Updated July 2021 - Proposed Major Changes to Taiwan Trademark Act: Introducing TTAB, Restructuring Dispute and Appeal Proceedings and Others
Date: 17 August 2021
By George J. H. Huang (Director, Attorney at Law and Patent Attorney)
The Taiwan Intellectual Property Office (Taiwan IPO) has announced a draft amendment to the Taiwan Trademark Act on 7 January, 2021, amending a total of 53 articles. Significant changes are made to the trial and appeal system for trademark applications, opposition and invalidation procedures, among others.
After receiving comments from the public and opinions from a public hearing, the Taiwan IPO published a second draft of amendment to the Taiwan Trademark Act on 1 July, 2021, which revised the first draft in detail. Below is a brief summary of the key amendments in the first draft and the second draft:
I. First Draft of the Draft Amendment to the Taiwan Trademark Act (Published on 7 January, 2021)
1. Introducing the Trademark Trial and Appeal Board (TTAB)
Under the current Trademark Act, trademark opposition, revocation and invalidation cases are handled by a dedicated team of experienced trademark examiners in the Taiwan IPO.
With reference to the trademark trial and appeal practices in Japan, U.S., and Korea, the amendment introduces a new Trademark Trial and Appeal Board (TTAB; the official English name is not yet announced) within the Taiwan IPO to independently handle trademark trial and appeal cases. (Articles 56-1 to 56-8 of the draft amendment)
2. Strengthening the Procedural Protection of Trademark Review, Revocation and Invalidation cases
Under the present law, trademark opposition and revocation requests are handled by a single trademark examiner, with the examination mostly conducted in written form.
The new law stipulates that such requests will then be reviewed by a panel of 3 to 5 examiners, which is believed to improve the examination of the disputed cases. (Articles 56-9 to 67 of the draft amendment)
3. Replacing the Petitions and Appeals Committee with Review by the TTAB
In current trademark practice, if an applicant seeks remedy after receiving rejection in the trademark application examination stage, one must file an administrative appeal with the Ministry of Economic Affairs, wherein the Petitions and Appeals Committee is responsible for examining the appeal.
The new law abandons administrative appeal system, and requires applicants to file for “review” which will be handled by the new TTAB. Applicants are no longer required to appeal to the Petitions and Appeals Committee if met with unsatisfying results from the TTAB review, but shall resort to direct appeals to the Intellectual Property and Commercial Court. (Articles 67-3 to 67-12 of the draft amendment)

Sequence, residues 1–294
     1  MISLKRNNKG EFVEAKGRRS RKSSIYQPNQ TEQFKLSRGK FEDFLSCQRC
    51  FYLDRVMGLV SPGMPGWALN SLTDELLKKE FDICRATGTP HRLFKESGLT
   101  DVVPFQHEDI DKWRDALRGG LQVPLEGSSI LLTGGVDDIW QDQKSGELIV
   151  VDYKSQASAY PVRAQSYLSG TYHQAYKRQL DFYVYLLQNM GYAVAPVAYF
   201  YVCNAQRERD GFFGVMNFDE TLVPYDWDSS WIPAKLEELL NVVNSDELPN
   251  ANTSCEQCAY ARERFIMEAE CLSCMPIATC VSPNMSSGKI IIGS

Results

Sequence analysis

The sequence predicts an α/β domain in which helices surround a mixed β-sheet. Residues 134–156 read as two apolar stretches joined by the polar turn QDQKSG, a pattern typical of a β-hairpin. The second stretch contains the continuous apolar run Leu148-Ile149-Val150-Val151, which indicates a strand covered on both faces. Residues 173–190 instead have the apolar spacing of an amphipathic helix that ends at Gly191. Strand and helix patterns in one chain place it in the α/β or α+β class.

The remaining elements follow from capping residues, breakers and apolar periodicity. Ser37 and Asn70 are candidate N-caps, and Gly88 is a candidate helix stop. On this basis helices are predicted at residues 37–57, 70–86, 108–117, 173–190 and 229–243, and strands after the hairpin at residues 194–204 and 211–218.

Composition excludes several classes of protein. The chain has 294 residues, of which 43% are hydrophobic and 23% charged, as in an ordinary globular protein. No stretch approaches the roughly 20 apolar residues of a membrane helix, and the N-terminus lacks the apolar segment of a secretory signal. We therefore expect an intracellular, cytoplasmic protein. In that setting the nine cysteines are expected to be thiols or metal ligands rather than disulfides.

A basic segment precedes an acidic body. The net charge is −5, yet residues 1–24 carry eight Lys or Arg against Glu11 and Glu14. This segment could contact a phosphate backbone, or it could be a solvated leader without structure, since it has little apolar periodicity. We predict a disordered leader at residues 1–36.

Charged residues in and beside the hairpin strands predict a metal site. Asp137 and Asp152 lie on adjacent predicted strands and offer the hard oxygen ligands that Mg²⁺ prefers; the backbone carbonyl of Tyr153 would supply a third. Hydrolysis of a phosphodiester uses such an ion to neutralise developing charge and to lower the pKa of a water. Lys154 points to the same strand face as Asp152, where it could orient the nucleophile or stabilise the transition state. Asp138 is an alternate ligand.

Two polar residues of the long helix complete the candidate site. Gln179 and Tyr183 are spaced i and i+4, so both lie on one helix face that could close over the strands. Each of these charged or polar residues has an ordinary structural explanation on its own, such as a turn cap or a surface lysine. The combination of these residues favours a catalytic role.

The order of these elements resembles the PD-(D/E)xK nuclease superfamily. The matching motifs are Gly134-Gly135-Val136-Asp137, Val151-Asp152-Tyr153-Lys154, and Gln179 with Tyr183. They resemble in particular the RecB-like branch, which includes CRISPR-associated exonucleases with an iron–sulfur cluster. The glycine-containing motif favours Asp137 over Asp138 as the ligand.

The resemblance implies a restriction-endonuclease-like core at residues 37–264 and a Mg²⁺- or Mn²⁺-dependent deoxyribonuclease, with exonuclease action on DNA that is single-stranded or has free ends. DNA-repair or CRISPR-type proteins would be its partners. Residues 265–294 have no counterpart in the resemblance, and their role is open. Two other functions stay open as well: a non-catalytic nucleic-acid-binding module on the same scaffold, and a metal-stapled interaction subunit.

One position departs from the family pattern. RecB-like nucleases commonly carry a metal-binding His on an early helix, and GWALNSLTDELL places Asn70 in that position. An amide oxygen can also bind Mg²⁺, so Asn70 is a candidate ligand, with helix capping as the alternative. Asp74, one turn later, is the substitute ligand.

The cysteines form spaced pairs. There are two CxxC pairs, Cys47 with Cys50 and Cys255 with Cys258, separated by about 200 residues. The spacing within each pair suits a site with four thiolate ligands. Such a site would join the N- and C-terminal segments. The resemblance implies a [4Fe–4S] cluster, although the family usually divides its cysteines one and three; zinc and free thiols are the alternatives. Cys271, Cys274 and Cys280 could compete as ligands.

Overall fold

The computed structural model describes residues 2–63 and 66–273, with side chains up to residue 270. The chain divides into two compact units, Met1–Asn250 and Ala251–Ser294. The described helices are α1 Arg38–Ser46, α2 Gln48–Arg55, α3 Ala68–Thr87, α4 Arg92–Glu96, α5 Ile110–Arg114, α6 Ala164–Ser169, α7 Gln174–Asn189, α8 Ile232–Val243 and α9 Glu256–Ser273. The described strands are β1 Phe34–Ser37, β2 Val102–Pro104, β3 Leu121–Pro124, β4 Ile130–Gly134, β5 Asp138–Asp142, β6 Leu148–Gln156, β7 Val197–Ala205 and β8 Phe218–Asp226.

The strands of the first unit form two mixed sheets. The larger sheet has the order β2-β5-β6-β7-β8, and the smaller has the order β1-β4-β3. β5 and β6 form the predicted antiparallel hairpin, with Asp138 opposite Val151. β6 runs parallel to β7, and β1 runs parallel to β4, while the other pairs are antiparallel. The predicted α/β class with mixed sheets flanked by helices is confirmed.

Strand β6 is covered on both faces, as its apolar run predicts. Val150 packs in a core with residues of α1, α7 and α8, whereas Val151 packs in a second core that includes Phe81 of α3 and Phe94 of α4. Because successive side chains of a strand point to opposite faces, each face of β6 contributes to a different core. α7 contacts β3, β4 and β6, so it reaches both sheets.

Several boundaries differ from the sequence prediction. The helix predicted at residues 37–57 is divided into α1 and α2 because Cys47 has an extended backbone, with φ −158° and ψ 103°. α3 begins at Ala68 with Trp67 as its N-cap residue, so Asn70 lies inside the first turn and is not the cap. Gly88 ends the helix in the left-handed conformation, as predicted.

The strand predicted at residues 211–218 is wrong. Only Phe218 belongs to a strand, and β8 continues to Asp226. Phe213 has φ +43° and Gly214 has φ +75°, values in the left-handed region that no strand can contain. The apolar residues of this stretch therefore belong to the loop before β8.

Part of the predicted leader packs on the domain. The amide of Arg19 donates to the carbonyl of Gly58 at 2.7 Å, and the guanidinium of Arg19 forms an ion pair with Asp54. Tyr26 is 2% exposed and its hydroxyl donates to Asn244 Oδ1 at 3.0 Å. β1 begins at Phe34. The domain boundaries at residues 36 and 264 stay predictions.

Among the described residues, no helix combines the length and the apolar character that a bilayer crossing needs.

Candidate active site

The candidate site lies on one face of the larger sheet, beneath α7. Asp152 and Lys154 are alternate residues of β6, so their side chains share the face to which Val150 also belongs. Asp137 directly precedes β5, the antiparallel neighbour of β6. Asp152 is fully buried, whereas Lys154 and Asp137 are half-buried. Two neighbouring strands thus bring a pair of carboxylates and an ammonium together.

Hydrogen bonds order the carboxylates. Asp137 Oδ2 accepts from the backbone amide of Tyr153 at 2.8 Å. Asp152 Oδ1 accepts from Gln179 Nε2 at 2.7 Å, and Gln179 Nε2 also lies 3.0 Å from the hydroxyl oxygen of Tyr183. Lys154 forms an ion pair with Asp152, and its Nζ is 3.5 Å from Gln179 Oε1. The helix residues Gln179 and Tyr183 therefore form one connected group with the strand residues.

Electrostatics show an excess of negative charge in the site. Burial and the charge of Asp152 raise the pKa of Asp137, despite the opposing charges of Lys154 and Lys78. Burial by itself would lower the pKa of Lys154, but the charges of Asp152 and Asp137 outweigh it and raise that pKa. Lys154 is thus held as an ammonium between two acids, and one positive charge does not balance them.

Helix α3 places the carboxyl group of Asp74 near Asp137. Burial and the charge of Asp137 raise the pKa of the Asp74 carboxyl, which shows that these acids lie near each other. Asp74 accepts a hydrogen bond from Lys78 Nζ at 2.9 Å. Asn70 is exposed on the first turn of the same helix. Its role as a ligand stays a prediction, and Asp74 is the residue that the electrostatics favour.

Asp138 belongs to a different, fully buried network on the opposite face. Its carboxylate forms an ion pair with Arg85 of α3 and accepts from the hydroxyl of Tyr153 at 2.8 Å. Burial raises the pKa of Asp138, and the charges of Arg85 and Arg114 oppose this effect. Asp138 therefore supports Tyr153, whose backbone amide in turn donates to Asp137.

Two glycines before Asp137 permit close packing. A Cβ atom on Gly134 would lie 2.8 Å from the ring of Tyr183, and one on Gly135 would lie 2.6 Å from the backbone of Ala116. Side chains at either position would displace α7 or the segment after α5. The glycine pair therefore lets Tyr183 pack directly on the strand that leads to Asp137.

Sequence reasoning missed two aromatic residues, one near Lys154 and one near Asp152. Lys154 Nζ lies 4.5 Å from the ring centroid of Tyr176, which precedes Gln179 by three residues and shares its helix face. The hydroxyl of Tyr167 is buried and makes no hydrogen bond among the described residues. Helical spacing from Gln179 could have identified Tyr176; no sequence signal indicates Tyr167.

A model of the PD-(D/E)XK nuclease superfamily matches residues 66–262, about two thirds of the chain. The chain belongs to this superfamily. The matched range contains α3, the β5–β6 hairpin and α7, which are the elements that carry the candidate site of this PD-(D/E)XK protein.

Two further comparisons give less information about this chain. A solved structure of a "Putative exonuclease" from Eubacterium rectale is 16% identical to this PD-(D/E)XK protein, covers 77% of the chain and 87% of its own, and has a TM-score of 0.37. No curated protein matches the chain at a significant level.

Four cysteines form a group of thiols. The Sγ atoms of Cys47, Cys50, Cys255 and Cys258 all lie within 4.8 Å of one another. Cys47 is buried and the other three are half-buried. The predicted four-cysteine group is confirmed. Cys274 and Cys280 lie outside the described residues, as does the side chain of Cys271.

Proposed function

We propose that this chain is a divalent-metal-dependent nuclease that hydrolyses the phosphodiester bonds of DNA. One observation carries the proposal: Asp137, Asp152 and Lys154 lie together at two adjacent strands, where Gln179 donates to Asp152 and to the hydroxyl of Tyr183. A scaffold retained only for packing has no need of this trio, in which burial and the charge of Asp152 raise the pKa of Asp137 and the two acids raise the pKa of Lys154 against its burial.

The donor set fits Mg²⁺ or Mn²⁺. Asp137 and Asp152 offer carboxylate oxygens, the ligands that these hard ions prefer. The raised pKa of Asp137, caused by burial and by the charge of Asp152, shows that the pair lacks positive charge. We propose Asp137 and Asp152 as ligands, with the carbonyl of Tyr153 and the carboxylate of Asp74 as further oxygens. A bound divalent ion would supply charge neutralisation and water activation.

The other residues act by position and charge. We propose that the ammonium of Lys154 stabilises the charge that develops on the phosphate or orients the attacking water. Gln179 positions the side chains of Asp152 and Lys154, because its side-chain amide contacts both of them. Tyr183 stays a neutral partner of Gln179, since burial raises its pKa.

4. Resolving Rejections of Trademark Applications and Trademark Disputes through Civil Litigation
This revision of the law abolishes the administrative appeal procedure, and an applicant shall directly appeal to the Intellectual Property and Commercial Court. The Supreme Court is required by the new law to hear an appeal from the Intellectual Property and Commercial Court.
In litigations reviewing trademark applications being rejected, the Taiwan IPO should still be the defendant. But for litigations involving disputes on trademark ownership, the parties to the dispute should be the plaintiff and defendant respectively. (Articles 67-3 to 67-12 of the draft amendment)
5. Abolishing Trademark Oppositions and Allowing Invalidations on Absolute Grounds to be Filed by “Any Party”
Under the current Trademark Act, the grounds and rules for both opposition and invalidation applications largely overlap.
To make the process simpler and more straightforward, the draft amendment proposes to abolish “applications for opposition” and all dispute cases will be classified into 2 types: “invalidation” and “revocation.” In an effort to merge opposition and invalidation procedures, the Taiwan IPO further categorizes grounds for refusal of registration in invalidation procedures to “absolute grounds” and “relative grounds” for refusal of registration, wherein “any party” may file an application for invalidation on absolute grounds. (Delete Articles 48 to 56 of the current Trademark Act)
However, in the current trademark practice, “opposition” and “invalidation” procedures still differ in that while any party may file an opposition, one must prove to be a party of interest in order to file an invalidation.
Commonly used grounds for refusal of registration in opposition and invalidation applications include, “a likelihood of confusion exists between the trademark at issue and a previously registered mark or an earlier-filed application” (Article 30 I (10)), and “a likelihood of confusion and a dilution of reputation or distinctiveness exists between the trademark at issue and a well-known trademark” (Article 30 I (11)), which are listed by the Taiwan IPO as relative grounds for refusal of registration. Under the proposed draft amendment, the applicant for invalidation on relative grounds must prove that it is a party of interest, for example, the proprietor of the earlier registered trademark holder or of a well-known trademark.
Since the Taiwan IPO does not relax the restriction of applicants who can apply for invalidation on the most frequently used relative grounds for refusal, one who wishes to challenge the registered trademark shall take note of the new requirement as his rights may be limited.
In this regard, we suggest that trademark right holders should strengthen their trademark rights by regularly monitoring new trademark applications and make good use of the Third Party Observation in which anyone can submit arguments to stop a trademark application proceeding to registration by stating why the application should not be registered.
II. Second Draft of the Draft Amendment to the Taiwan Trademark Act (Published on 1 July, 2021)